Disaster Recovery ETF is Reflection of CEO’s Experience with Katrina and Sandy
As we recognize the United Nations’ International Day for Disaster Reduction, Puerto Rico and Florida are just beginning the long road to recovery from Hurricanes Fiona and Ian. The death toll from these storms is already over 100 and unfortunately, is likely to rise, while the financial impact is estimated to be in the billions.1 These catastrophic storms serve as a stark reminder that the frequency and intensity of natural disasters are increasing and reinforce the importance of this year’s UN theme of early warning and disaster risk reduction. This devastating hurricane season also takes me back to my own experiences with Hurricanes Katrina and Sandy — the connection behind the Procure Disaster Recovery Strategy ETF (FEMA).
It was the last week of August in 2005, I had just arrived in New Orleans to start my junior year at Tulane University when Hurricane Katrina evacuations began. My friends and I headed to Baton Rouge to escape the brunt of the storm — the one-hour drive took five as many tried to flee. I remember watching the news, realizing this would be a catastrophic, life-changing event.
After the storm passed, the fall semester was canceled and I made my way home to New Jersey, struggling to find gas along the way and sleeping in a car because hotels were full.
The following year, Tulane reopened, despite sustaining $100 million in damages. I returned that fall to campus overwhelmed with emotions — it was incredible to reunite with friends, but you were constantly reminded by the impact of that violent hurricane. This city I loved was a fractured version of its former self with homes destroyed and communities dispersed. Despite the destruction, it is beautiful to see the significant progress New Orleans has made to restore its traditions and culture while making investments to better protect the city and its inhabitants in the future.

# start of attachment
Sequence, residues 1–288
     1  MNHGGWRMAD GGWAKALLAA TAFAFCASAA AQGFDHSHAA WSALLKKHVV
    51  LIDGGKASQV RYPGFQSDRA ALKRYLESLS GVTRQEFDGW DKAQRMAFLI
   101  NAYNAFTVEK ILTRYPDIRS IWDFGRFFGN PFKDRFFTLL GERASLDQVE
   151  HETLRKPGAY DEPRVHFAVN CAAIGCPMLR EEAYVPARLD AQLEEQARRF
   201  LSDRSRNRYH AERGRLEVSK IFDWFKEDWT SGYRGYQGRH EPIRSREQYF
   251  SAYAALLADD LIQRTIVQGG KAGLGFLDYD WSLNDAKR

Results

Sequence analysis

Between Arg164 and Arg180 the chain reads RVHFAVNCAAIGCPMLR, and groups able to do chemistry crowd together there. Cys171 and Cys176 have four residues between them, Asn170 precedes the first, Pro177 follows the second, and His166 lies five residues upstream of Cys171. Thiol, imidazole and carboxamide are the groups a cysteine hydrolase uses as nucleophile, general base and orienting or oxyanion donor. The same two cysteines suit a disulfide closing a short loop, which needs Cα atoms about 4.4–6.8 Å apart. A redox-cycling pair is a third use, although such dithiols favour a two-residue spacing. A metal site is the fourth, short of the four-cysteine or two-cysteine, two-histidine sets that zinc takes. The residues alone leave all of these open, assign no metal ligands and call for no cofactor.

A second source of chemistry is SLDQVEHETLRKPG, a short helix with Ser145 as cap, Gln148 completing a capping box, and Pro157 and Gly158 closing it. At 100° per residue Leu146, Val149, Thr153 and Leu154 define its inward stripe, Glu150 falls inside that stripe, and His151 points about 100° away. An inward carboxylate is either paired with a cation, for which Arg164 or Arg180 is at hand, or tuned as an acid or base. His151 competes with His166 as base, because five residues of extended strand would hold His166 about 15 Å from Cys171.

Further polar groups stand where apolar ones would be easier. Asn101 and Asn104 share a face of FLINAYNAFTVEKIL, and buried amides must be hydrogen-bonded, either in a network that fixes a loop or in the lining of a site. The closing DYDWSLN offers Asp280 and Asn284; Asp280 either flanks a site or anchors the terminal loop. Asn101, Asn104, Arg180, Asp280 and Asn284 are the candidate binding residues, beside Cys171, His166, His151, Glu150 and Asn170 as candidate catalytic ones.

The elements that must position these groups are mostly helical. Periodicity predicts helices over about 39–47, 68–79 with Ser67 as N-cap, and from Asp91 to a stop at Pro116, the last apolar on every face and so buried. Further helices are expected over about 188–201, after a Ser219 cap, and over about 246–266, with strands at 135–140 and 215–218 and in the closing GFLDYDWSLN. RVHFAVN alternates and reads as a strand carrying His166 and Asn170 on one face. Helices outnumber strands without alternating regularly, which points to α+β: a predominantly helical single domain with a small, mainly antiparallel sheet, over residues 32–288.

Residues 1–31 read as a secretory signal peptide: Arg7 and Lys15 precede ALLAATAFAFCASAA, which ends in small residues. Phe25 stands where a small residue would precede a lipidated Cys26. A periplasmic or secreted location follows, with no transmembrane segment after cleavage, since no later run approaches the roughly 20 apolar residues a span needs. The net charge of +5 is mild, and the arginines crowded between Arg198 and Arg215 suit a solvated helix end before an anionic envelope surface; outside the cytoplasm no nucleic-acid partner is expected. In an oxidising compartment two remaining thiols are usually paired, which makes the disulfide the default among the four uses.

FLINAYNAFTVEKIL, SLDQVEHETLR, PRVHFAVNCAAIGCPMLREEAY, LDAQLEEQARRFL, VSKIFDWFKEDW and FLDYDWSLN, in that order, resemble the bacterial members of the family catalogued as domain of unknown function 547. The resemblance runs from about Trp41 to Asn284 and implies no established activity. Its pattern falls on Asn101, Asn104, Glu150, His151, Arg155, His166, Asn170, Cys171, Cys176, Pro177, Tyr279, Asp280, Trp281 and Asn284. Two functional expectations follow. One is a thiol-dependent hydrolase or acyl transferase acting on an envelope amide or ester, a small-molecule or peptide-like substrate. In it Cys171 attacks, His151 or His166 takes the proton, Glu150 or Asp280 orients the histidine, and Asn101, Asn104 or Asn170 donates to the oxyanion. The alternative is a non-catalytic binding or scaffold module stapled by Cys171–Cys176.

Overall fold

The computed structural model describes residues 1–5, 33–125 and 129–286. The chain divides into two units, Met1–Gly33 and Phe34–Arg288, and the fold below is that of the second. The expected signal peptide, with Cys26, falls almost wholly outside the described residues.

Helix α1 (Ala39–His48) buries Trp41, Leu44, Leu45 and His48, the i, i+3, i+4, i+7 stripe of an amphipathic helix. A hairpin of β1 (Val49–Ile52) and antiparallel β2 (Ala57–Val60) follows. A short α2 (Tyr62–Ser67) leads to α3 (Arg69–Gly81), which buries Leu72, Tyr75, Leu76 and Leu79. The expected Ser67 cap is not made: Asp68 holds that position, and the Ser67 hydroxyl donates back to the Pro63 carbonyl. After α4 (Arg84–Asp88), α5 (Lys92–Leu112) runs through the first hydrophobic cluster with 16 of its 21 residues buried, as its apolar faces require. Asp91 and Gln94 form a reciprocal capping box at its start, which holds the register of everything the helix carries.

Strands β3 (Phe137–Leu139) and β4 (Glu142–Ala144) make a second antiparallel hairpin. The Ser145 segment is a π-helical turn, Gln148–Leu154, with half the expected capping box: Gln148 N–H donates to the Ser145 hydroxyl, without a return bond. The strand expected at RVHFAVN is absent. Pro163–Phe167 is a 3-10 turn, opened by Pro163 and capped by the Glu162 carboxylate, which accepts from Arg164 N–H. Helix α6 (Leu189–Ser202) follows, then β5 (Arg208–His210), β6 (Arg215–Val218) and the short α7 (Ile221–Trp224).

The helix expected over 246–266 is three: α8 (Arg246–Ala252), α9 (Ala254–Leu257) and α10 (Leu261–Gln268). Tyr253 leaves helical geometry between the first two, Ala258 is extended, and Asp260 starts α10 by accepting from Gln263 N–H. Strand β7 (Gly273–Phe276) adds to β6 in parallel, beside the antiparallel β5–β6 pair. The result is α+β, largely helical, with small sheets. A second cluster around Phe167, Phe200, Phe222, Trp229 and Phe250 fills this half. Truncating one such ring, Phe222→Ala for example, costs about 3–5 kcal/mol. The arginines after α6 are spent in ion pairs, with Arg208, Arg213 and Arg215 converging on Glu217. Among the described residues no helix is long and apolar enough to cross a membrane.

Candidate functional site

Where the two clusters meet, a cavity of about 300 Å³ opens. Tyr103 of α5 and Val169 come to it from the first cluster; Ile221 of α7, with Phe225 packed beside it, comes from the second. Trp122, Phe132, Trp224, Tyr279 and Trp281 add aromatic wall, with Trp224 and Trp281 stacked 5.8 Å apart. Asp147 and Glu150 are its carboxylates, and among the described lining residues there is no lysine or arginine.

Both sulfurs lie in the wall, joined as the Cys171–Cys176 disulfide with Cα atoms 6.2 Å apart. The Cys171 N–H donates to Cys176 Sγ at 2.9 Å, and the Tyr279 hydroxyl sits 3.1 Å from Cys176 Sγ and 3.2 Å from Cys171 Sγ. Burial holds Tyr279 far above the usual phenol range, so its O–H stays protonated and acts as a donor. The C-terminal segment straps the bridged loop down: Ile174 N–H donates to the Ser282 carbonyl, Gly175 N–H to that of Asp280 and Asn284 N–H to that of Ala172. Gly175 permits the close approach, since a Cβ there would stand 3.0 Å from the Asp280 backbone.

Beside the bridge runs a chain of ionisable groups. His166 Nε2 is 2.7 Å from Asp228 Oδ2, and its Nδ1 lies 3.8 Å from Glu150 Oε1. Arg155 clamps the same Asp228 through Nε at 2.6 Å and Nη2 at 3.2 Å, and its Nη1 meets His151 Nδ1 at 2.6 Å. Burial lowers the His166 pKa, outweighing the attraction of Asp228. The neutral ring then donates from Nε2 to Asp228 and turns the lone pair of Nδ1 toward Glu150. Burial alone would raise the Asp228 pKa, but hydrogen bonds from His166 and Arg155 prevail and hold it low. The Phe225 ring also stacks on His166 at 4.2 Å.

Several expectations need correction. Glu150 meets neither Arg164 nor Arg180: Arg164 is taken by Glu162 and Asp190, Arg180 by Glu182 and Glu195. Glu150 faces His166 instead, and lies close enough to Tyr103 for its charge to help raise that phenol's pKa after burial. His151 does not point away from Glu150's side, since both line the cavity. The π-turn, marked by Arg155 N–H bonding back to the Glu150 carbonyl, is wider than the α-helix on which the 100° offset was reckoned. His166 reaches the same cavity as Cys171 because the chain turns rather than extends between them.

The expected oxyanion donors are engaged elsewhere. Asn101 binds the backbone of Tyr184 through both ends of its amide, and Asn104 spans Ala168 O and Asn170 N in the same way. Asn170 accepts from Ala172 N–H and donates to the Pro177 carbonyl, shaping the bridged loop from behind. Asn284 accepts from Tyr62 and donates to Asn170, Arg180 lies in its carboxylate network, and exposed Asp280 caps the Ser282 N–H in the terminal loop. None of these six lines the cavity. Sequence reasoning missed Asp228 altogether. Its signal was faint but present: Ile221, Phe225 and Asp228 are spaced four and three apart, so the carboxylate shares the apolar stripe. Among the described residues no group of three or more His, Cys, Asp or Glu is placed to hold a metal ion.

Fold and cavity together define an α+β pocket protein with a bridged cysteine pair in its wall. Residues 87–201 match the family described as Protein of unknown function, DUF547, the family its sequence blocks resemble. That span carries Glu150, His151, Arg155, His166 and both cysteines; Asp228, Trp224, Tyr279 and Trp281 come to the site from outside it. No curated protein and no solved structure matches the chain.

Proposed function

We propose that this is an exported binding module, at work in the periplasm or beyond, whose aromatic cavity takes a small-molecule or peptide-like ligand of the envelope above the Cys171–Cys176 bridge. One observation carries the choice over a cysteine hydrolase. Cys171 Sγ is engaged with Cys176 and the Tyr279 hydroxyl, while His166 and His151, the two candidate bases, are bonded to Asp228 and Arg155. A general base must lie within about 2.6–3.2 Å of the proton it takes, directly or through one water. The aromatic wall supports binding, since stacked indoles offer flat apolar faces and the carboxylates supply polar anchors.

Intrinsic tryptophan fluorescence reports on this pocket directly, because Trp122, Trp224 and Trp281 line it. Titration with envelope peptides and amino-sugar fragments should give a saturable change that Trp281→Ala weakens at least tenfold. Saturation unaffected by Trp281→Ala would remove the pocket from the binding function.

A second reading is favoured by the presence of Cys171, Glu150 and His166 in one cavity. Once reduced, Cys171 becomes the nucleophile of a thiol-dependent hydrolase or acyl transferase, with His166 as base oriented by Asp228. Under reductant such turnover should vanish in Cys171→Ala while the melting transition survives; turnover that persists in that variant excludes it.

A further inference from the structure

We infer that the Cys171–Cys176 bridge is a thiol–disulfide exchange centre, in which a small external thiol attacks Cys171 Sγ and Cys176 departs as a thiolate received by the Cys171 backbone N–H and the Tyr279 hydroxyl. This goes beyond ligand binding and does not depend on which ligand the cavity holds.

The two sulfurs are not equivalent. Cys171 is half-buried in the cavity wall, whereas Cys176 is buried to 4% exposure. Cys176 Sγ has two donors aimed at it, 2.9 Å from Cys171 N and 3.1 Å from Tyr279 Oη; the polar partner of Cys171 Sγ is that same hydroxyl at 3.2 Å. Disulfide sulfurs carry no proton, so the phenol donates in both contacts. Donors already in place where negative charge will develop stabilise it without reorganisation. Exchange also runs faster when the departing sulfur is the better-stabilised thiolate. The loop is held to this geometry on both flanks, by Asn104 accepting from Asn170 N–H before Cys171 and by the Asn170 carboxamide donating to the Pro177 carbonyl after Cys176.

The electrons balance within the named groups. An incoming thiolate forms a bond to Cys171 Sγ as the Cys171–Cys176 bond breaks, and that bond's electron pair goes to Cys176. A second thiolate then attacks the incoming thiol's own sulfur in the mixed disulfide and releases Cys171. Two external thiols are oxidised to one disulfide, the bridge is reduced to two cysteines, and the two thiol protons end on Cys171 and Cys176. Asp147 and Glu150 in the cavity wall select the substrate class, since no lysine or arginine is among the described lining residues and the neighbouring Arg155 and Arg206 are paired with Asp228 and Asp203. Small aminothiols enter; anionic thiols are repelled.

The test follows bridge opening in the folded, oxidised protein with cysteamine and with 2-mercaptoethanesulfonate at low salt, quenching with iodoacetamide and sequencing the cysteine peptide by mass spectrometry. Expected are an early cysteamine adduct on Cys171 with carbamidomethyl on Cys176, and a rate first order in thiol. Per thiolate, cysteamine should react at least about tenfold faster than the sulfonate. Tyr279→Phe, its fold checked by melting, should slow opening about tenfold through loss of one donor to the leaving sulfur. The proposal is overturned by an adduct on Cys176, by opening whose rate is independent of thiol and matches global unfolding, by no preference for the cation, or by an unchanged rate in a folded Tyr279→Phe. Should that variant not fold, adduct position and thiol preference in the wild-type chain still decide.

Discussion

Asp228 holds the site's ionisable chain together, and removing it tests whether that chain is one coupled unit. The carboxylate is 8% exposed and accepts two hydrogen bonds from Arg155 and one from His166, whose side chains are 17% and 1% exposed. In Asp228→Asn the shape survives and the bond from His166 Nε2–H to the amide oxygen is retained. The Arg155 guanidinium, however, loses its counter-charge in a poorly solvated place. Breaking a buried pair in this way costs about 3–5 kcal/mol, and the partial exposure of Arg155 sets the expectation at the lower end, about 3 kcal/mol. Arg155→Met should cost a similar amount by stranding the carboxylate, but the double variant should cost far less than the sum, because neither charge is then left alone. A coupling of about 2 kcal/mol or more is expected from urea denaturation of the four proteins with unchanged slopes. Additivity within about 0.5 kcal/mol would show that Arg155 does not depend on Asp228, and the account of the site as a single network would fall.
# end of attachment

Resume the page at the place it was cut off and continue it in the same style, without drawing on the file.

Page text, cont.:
Seven years later while living in New York City, I saw similar destruction after Hurricane Sandy ripped through the Northeast. Having grown up in neighboring New Jersey, it was difficult to see the state where my friends and family live struggling to rebuild in the aftermath of the storm. Living through these two storms really put the disaster recovery industry into perspective for me personally. While these storms each felt like once-in-a-lifetime events, the reality is natural disasters are increasing in frequency and severity. The White House believes that damages from hurricanes, wildfires, floods, droughts, severe storms and earthquakes could cost the US Federal budget $2 trillion per year by the end of the century.2
It was these experiences with Katrina and Sandy which resonated with me during the creation of the FEMA ETF, which we launched in June of this year. The Procure Disaster Recovery Strategy ETF is the first fund to invest in global companies engaged in mitigating the risk and recovering from natural disasters. The FEMA ETF is the culmination of my experiences with natural disasters and my background in the thematic ETF space. Public sector investment in natural disaster recovery is not enough — the private sector plays a critical role in minimizing the impact of these events.